'Avatar,' 'Sherlock Holmes' lead huge box office weekend -- only 'Nine' disappoints
20th Century Fox's 3-D event film "Avatar" led the box office with a studio-estimated $75-million take in the U.S. and Canada.
Its minuscule drop of just 3% from last weekend's opening is a sign of extremely strong word of mouth and is continuing to fuel industry buzz that it could end up as one of the highest-grossing movies of all time, alongside "Avatar" director James Cameron's "Titanic." That would easily justify the massive $430 million that Fox and its financing partners invested in production and marketing.
"Avatar" has grossed $212.3 million domestically in just 10 days. As with other pictures, international grosses weren't available yet early this morning.
The new adaptation of "Sherlock Holmes" starring Robert Downey Jr. was also a hit this weekend, opening to a very strong $65.4 million domestically. Warner Bros. and Village Roadshow Entertainment spent $90 million to produce the movie after the benefit of British tax credits, putting them in a very good financial starting position.
Fox's family film "Alvin and the Chipmunks: The Squeakquel," meanwhile, grossed $50.2 million for the weekend. With healthy ticket sales on its first two days in theaters, Wednesday and Thursday, it has grossed a total of $77.1 million in five days. Fox and New Regency Entertainment spent $70 million to produce the follow-up to 2007's original big-screen version of the singing rodents and appear to have another hit on their hands.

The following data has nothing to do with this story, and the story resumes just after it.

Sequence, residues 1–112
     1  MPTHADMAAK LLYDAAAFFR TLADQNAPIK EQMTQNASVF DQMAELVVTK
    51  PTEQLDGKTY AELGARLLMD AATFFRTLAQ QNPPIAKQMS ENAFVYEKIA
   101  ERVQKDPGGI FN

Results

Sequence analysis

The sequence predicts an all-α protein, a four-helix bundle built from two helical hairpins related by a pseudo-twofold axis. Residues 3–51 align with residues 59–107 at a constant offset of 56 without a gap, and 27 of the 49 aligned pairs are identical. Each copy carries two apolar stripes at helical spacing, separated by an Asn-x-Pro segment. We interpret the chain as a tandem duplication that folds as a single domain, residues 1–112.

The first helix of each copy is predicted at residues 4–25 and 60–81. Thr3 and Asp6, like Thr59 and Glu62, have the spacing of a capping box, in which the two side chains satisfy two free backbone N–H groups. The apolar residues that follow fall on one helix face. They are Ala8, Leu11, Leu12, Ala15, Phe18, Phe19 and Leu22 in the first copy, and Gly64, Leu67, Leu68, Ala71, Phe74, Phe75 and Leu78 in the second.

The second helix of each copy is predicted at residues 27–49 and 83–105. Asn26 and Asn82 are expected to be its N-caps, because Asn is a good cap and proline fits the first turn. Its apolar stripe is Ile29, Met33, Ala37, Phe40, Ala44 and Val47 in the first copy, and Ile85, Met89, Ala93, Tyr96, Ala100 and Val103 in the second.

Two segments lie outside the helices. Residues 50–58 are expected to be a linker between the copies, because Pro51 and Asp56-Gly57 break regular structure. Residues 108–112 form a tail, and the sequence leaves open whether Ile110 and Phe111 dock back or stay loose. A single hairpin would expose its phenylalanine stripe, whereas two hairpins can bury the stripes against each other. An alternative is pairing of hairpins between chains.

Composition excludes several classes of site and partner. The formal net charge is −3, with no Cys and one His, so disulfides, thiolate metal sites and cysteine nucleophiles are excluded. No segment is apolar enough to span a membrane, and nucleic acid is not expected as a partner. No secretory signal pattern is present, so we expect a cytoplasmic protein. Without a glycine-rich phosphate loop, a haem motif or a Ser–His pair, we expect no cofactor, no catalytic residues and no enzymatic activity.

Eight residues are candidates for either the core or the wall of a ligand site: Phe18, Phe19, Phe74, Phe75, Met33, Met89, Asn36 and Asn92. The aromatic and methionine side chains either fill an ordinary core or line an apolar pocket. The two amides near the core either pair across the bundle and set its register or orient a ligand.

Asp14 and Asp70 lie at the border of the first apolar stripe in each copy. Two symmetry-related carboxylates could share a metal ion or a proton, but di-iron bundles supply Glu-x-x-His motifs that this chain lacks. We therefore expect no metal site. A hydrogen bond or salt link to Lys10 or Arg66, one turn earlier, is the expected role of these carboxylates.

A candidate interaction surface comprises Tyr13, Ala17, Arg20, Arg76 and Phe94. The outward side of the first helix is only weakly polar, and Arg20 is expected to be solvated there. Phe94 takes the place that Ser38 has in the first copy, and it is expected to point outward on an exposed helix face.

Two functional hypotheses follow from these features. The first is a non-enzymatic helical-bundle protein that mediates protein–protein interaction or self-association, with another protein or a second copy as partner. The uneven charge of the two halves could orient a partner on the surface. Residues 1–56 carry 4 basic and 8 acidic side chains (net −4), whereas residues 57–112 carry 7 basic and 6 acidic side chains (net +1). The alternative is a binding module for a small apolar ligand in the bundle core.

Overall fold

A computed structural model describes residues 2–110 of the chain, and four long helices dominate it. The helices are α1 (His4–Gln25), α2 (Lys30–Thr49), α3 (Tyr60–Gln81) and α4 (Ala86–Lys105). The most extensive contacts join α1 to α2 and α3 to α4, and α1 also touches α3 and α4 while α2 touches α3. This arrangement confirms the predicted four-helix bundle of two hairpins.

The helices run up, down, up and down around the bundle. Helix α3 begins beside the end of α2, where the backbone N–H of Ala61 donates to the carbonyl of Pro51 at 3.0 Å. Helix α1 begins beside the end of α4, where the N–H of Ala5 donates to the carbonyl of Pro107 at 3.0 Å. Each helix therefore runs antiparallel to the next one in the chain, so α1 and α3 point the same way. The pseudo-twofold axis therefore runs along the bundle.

The top three movies were drawing audiences of all ages, particularly families going out together for the holiday. Two other films aimed primarily at adults also did well, although one other movie missed the mark.
The weekend's single disappointment was "Nine." The Broadway musical adaptation from Weinstein Co. opened to a weak $5.5 million, bringing its total since last Friday to $5.9 million. Unless it picks up momentum from awards and audience buzz, it could be a major money loser for the struggling Weinstein Co. and its financing partner Relativity Media. Together they spent about $64 million to make the movie, which stars Daniel Day-Lewis and Nicole Kidman.
Read the full story at the Los Angeles Times' Company Town blog.
Photo credit: 20th Century Fox